Appleton's Cyclopedia of American Biography, edited by James
Grant Wilson, John Fiske and Stanley L. Klos. Six volumes, New York: D. Appleton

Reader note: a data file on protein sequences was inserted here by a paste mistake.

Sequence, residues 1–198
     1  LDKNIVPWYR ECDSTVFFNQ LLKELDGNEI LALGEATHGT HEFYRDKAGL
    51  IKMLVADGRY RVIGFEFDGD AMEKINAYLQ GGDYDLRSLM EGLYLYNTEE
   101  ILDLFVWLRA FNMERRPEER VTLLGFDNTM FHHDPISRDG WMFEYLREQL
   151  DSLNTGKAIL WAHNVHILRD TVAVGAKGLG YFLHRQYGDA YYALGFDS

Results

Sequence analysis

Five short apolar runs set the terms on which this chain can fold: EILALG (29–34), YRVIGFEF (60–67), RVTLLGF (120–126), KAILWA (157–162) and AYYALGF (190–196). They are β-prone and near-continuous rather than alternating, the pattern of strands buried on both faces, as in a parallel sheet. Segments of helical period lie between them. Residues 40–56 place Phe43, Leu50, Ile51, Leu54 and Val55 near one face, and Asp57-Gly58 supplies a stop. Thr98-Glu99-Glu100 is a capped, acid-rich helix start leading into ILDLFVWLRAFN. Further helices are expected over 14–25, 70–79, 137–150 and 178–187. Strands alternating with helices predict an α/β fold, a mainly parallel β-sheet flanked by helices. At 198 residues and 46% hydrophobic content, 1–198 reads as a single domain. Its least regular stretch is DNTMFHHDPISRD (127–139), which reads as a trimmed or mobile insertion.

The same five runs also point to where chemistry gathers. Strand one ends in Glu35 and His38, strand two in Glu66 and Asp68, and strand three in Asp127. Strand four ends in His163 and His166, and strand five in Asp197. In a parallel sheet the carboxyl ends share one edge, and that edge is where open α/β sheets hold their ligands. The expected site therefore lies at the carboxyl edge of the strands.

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OSGOOD, Samuel, clergyman, born in Charles-town, Massachusetts, 30 August, 1812; died in New York city, 14 April, 1880. He was graduated at Harvard in 1832 and at the divinity-school in 1835. For two years following he was editor of the "Western Messenger " at Louisville, Kentucky He assumed charge of a Unitarian congregation in Nashua, New Hampshire, in 1837. He was called ', to the Westminster church in Providence, Rhode Island, in 1841, and in 1849 went to the Church of the Messiah (Unitarian) in New York city. He remained in charge of this congregation for twenty years, but resigned in 1869 and went to Europe for rest and recreation. On his return he took orders in the Protestant Episcopal church in 1870. Not caring to engage in parochial work, he spent most of his time during the last ten years of iris life in literary labor, writing for reviews and magazines, giving lectures, and making addresses at colleges and institutions of science and art. He was also for several years domestic corresponding secretary of the New York historical society, he received the degree of D. D. from Harvard in 1857, and that of LL. D. from Hobart in 1872. In connection with Dr. Henry W. Bellows he was editor of the " Christian Inquirer " in New York in 1850-'4. He was an excellent German scholar, and translated Hermann Olshausen's " History of the Passion" (Boston, 1839), and Wilhelm M. L. De Wette's " Human Life" (2 vols., 1842). Dr. Osgood's chief publications were "Studies in Christian Biography" (New York, 1851); "God with Man, or Footprints of Providential Leaders" (1853) ; "The Hearth-Stone : Thoughts upon Home Life in our Cities" (11854) ; "Mile-Stones in our Life-Journey" (1855); "Student Life" (1860); "American Leaves" (1867) ; and "Address before the New York Historical Society on Thomas Craw-ford and Art in America" (1875).
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